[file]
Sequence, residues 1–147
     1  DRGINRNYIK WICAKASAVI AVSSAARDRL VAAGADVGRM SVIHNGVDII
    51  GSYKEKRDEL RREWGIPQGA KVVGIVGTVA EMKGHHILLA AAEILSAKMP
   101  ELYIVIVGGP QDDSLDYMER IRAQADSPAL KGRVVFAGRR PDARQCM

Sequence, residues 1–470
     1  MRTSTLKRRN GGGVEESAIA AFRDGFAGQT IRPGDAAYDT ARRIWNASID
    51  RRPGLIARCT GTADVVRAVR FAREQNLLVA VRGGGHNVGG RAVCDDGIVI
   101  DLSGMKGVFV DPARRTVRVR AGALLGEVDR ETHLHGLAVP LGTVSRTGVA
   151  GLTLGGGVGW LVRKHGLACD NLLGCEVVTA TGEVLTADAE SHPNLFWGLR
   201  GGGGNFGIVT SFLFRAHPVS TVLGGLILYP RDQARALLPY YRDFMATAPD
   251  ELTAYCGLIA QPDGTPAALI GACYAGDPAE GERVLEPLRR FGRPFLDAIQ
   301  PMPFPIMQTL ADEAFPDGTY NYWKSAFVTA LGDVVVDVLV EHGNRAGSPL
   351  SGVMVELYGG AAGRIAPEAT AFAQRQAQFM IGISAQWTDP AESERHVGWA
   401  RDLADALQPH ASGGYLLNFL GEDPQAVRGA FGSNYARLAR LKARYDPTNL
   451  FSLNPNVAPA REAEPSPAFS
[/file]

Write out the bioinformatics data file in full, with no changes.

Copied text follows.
Sequence, residues 1–147
     1  DRGINRNYIK WICAKASAVI AVSSAARDRL VAAGADVGRM SVIHNGVDII
    51  GSYKEKRDEL RREWGIPQGA KVVGIVGTVA EMKGHHILLA AAEILSAKMP
   101  ELYIVIVGGP QDDSLDYMER IRAQADSPAL KGRVVFAGRR PDARQCM

Sequence, residues 1–470
     1  MRTSTLKRRN GGGVEESAIA AFRDGFAGQT IRPGDAAYDT ARRIWNASID
    51  RRPGLIARCT GTADVVRAVR FAREQNLLVA VRGGGHNVGG RAVCDDGIVI
   101  DLSGMKGVFV DPARRTVRVR AGALLGEVDR ETHLHGLAVP LGTVSRTGVA
   151  GLTLGGGVGW LVRKHGLACD NLLGCEVVTA TGEVLTADAE SHPNLFWGLR
   201  GGGGNFGIVT SFLFRAHPVS TVLGGLILYP RDQARALLPY YRDFMATAPD
   251  ELTAYCGLIA QPDGTPAALI GACYAGDPAE GERVLEPLRR FGRPFLDAIQ
   301  PMPFPIMQTL ADEAFPDGTY NYWKSAFVTA LGDVVVDVLV EHGNRAGSPL
   351  SGVMVELYGG AAGRIAPEAT AFAQRQAQFM IGISAQWTDP AESERHVGWA
   401  RDLADALQPH ASGGYLLNFL GEDPQAVRGA FGSNYARLAR LKARYDPTNL
   451  FSLNPNVAPA REAEPSPAFS